“I don’t think I ever thought it was going to be part of my career. I remember when I met Jimmy Iovine and we had this conversation about pop culture and cross-cultural influences in music…I remember it hitting me and thinking, ‘Wow. Everything I’ve been through is probably for this moment right now where I’m actually going to affect change.'”
Not too long after Anjula met entrepreneur, music producer and film producer Jimmy Iovine in 2009, she found herself at lunch with Iovine and JAY Z, talking about “Beware of the Boys” by Panjabi, remixing featuring Jay, and it’s relevance across the world.
“My focus was taking Indian music to the middle of America in a positive way, in a way that was cool and fun.”
Founded in 2007 along with her husband Ranj Bath, her company Desi Hits began as a successful music podcast. Since then, it’s evolved into its focus as an agency using pop-culture to mold a more inclusive-culture, by connecting Hollywood big wigs and brands to stars in South Asian culture. To date, they’ve worked with major stars like Lady Gaga and big brands like Beats by Dre.
We should rewind, because I think the question we all want to know, is how Anjula found herself in this place, and what did her life look like, career-wise?
From 1997-2000, Bath worked at TMP Worldwide, advising their digital offering. Namely, Monster.com.
“I started working with a lot of start-ups and working with the technology space, and meeting with people in tech. I founded a bunch of divisions within a huge company. So, I’m a bit of an entrepreneur because anytime they built a new division they would come to me. Then I left and I started my own company. “
She eventually sold that company. Her time at TMP, in many ways, was the beginning of her deep interest and involvement in tech.
This is a reminder, Anjula is a mover and shaker. She specializes in bridging gaps. So connecting people and ideas is what she does best, and is known for. Today, in addition to Desi Hits, she is an angel investor for consumer tech start ups is, on the advisory board of ClassPass, TheHunt and TheMuse.com, and manages international world star Priyanka Chopra.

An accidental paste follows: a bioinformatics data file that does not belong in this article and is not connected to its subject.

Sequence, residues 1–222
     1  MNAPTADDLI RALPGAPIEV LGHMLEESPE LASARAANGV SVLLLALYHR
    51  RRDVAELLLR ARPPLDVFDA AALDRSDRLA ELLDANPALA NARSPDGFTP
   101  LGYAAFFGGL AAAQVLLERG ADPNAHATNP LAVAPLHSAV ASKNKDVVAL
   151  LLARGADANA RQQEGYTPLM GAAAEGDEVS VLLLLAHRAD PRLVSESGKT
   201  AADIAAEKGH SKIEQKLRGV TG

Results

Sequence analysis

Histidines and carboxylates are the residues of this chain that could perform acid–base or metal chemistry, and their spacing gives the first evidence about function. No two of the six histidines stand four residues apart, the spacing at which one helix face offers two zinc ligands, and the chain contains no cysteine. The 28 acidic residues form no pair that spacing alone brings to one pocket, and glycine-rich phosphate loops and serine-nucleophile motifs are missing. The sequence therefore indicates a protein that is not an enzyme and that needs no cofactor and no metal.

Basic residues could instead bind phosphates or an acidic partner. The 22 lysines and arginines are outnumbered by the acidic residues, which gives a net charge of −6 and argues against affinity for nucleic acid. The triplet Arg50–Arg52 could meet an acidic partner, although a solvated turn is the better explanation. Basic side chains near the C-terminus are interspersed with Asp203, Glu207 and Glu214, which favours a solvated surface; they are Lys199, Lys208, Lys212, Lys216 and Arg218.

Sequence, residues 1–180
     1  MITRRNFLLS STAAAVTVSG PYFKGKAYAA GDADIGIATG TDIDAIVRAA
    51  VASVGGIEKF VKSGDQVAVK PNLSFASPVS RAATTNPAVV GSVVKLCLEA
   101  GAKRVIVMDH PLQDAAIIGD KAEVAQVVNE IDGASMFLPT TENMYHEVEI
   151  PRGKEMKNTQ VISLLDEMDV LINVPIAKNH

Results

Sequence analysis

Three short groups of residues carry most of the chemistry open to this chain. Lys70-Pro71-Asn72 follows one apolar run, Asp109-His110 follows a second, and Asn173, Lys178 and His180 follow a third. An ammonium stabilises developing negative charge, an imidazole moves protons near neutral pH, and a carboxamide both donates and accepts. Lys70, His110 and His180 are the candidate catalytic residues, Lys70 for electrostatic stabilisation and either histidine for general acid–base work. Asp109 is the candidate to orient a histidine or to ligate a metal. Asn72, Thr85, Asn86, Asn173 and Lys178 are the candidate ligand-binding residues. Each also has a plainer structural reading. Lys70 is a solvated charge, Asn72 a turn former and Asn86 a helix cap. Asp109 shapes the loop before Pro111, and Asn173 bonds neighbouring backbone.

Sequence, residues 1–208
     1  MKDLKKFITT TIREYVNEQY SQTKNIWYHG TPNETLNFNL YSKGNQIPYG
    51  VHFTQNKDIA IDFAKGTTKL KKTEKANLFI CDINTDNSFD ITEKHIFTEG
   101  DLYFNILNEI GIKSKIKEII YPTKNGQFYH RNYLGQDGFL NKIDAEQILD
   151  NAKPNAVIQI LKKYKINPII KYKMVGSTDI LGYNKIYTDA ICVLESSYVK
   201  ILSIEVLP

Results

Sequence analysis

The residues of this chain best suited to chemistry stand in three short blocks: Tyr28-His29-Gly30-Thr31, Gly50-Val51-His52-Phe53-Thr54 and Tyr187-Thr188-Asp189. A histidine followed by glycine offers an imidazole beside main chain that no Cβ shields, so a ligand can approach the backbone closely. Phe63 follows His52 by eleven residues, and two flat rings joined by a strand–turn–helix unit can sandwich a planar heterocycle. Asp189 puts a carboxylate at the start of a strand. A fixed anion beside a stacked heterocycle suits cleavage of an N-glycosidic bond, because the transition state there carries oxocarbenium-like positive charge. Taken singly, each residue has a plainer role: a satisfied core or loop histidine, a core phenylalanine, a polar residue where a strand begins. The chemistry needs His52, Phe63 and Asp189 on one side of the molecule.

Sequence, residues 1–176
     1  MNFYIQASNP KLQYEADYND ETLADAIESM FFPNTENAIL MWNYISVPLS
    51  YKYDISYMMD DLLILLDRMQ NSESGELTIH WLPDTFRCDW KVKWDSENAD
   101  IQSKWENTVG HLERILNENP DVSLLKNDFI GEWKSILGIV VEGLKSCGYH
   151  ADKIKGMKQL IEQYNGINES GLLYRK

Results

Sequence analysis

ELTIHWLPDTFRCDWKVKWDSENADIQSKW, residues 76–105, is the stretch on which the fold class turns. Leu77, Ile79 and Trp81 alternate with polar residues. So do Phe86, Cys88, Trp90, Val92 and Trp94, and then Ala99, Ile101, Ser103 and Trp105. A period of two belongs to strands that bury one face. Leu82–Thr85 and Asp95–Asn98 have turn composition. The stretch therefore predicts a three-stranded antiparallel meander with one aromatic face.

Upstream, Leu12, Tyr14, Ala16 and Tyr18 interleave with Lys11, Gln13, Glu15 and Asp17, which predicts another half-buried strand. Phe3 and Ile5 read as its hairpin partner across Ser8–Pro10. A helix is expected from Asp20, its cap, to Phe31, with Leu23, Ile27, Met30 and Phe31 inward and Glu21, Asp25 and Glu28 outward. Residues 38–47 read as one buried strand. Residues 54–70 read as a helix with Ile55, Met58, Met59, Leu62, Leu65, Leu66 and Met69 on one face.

Day to Day
So how does someone juggling so many moving parts, in such crucial positions of power?
“My days are totally crazy and different, depending on what’s happening.”
That’s normal for someone of Anjula’s stature. The way she does it serves as a good strategy for getting things done while also navigating her passions.
“My life is…really multifaceted. I try to get everything to cohesively work together. I try to get my worlds to collide in a really positive way so I can be more effective.”
So, her days vary. One day she could be out with Priyanka Chopra. Philanthropic work plays a huge part in the work she does with Chopra.
A large chunk of her time, she spends with start-ups. Coaching, giving advice and “just trying to help a gal out” as she put it.
Advice to millennials
“There’s so much access to everything, you really can do anything, I really believe that. Not to look at the reasons you can’t, but look at all of the reasons why you can.”
This is clear advice, but we all don’t have the economic, social, and sometimes political, privileges that give others a one-up to navigating their passions more seamlessly than others.
Still, my conversation with Anjula had a common thread relating to all young people and achieving goals.
“You have the knowledge and choices I don’t think at our age, we had,” she explained. “You used to need a certain amount of experience and lots of prerequisites and years behind you. Now, the same rules and regulations don’t exist.”
It’s why Ms. Acharia-Bath takes risks on herself, and others.
“The thing about the world today, is you never know who somebody is going to be tomorrow.”
“Based on that, you never know who you’re going to be tomorrow. Am I willing to talk to somebody? Am I willing to pitch my idea? Am I willing to be bold? Yeah! Because I don’t know who I’m going to be tomorrow, they don’t know who I’m going to be tomorrow. The world is so amazing now.”